Lately a new attraction has been added—scientists have discovered that Laguna Bacalar is one of the few places in the world that stromatolites can be found. The Laguna’s living giant microbialites are the some of the largest in the world at over 16 miles long and taller than 10 feet. Their formation supports many acres of mangroves and vegetative growth in the southern end of the Laguna. The southern Rio Chaac, or “Rapids” as it is known locally, offers an opportunity for people to view (float, snorkel, or dive) the enormous undercuts of the giant stromatolites.
Activities around the village include Mayan language classes, mountain bike rental and tours, jungle walks, zip-lining, sailing and boat tours. At the far end of the village is the lovely Cenote Azul, located on the edge of a beautiful, palm-fringed cenote, whose depth is seemingly bottomless. The large, semi-outdoor restaurant is housed in a spacious palapa and serves primarily fresh seafood from the area as well as venison when available.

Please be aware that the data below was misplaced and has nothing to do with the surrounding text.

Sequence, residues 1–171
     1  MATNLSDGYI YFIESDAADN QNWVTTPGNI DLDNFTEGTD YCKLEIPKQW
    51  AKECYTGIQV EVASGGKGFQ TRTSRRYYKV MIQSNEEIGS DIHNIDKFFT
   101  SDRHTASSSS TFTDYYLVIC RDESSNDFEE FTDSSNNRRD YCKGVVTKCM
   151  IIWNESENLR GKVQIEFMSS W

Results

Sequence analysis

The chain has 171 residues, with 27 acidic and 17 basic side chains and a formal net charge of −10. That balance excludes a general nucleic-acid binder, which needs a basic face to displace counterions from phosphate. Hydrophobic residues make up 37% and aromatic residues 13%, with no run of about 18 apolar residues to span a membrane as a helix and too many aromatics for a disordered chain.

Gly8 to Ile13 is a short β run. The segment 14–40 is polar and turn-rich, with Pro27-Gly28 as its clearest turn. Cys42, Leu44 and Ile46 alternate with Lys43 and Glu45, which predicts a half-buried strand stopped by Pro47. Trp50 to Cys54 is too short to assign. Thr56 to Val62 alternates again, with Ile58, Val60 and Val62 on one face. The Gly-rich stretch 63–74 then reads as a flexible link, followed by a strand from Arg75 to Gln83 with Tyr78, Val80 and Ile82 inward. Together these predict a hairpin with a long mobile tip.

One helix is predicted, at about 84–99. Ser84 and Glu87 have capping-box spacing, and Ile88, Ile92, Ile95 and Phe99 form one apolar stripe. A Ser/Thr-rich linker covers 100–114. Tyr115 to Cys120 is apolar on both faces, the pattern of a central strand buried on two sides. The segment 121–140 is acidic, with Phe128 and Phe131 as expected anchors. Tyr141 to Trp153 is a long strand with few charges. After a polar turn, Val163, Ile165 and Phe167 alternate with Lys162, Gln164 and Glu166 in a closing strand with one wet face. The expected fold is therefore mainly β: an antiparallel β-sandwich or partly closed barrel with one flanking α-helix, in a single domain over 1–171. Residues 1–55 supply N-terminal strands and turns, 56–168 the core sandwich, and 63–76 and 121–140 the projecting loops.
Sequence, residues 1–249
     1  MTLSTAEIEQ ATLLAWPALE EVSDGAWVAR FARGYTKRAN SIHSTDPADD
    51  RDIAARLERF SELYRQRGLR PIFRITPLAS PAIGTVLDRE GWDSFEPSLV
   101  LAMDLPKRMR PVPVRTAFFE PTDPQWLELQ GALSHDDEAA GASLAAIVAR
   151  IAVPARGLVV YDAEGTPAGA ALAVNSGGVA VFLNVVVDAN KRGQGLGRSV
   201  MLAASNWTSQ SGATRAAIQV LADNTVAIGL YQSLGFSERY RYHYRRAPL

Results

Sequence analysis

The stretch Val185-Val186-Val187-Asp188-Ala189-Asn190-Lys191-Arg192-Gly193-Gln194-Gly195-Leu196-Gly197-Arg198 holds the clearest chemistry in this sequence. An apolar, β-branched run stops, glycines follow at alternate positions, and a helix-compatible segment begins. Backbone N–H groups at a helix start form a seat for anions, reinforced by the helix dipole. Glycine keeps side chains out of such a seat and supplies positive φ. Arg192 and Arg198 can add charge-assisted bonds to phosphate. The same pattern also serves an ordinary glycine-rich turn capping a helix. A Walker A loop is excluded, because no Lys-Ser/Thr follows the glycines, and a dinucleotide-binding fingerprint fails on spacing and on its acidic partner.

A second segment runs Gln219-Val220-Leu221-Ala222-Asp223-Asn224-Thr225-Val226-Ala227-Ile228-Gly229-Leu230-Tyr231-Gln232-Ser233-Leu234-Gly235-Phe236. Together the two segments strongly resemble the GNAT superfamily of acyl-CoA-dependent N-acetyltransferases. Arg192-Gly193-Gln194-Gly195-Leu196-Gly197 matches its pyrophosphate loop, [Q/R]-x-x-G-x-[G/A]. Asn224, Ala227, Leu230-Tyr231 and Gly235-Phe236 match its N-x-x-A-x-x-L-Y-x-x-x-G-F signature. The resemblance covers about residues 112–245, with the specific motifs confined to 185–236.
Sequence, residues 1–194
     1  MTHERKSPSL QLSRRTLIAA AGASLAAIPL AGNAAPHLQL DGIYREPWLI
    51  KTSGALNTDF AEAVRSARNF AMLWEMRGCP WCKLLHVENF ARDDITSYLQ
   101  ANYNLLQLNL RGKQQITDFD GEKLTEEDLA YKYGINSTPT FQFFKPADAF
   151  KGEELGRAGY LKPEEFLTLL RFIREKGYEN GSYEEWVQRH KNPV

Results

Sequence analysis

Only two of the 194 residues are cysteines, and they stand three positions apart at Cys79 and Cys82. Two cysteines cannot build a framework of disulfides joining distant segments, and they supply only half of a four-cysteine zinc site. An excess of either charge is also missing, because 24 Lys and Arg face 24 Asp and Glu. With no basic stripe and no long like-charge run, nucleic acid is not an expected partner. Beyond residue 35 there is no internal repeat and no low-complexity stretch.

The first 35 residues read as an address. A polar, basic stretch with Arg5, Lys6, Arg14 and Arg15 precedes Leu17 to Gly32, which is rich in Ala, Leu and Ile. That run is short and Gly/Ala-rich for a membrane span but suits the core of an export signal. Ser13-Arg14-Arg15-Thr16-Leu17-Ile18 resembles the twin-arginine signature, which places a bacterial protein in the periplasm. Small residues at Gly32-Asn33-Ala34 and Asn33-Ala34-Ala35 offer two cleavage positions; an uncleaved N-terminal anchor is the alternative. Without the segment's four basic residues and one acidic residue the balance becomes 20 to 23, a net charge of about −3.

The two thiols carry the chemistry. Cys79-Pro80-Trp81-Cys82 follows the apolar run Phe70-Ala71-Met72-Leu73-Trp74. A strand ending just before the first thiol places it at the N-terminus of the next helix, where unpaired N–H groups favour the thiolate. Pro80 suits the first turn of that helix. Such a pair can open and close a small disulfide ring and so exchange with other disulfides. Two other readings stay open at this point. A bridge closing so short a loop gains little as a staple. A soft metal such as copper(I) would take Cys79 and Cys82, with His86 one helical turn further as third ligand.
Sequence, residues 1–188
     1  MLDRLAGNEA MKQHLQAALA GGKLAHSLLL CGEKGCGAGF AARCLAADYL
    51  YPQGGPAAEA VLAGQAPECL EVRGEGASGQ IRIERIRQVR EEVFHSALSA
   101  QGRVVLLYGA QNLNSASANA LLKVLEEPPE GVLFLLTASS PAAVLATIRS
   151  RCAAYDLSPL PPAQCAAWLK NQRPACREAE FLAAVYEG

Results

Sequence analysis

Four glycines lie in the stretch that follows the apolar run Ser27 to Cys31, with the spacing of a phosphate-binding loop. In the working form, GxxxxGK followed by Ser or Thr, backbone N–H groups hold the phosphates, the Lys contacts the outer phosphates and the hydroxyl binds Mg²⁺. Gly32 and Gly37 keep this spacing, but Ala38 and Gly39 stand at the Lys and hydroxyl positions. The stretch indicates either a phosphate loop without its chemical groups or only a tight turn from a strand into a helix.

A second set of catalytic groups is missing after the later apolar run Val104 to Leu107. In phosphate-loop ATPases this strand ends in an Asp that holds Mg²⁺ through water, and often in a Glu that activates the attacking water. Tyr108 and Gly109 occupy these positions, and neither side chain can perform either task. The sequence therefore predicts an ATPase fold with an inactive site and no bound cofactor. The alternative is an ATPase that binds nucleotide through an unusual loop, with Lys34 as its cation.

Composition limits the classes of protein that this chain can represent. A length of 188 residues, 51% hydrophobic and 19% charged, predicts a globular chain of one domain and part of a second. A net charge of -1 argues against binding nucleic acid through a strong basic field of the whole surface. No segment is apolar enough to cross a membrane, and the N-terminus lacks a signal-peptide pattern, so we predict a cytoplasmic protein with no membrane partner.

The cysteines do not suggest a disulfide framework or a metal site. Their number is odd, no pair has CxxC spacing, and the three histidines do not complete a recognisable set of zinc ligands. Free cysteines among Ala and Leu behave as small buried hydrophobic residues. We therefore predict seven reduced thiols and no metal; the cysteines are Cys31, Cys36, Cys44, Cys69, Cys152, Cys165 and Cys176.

The area provides a doorway into the lives of the Maya where one can share in the indigenous culture in a meaningful way. The ancient Mayan cities, as well as the thatched huts of the living, contemporary Maya, offer intimate, yet contrasting, views of this millennia-old culture. Nearby are the ancient Mayan cities of Dzibanché, Kohunlich, Oxtankah, Chacchoben, the recently discovered Ichcabal (not yet open to the public) and the contemporary Mayan villages such as Chacchoben and 20 de Septiembre. In one village I visited I entered the jungle after being blessed by Mayan shamans, where “chicileros” scampered up tall trees to gather the chicle that chewing gum is made from. I was also be treated to savory “comida tipica,” the staple food of the Maya, and to typical folk dances and witnessed how artisans have plied their crafts to sustain their way of life.
The Caribbean beaches Mahahual and Xcalak are one hour and one and a half hours from Bacalar. Mahahual has a cruise ship dock that receives many of the major cruise lines. Xcalak has great diving and deep-sea fishing. You can charter a boat from there for world-class diving and snorkeling at Chinchorro Reef. Farther up the coast is the famed biosphere reserve of Sian Ka’an.